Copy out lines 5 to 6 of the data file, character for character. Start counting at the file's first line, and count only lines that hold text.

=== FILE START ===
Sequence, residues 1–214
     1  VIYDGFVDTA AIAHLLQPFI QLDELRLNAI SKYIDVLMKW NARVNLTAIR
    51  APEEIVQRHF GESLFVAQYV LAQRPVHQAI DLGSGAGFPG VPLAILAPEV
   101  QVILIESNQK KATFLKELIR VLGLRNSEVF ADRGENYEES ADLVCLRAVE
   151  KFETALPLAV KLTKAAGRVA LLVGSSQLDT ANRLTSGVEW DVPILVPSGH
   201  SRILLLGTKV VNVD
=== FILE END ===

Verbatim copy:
   151  KFETALPLAV KLTKAAGRVA LLVGSSQLDT ANRLTSGVEW DVPILVPSGH
   201  SRILLLGTKV VNVD